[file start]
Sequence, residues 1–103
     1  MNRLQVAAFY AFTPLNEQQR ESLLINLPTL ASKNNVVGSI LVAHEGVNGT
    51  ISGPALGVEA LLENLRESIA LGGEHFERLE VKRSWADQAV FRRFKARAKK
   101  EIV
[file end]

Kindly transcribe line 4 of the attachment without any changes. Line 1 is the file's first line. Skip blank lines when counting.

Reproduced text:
   101  EIV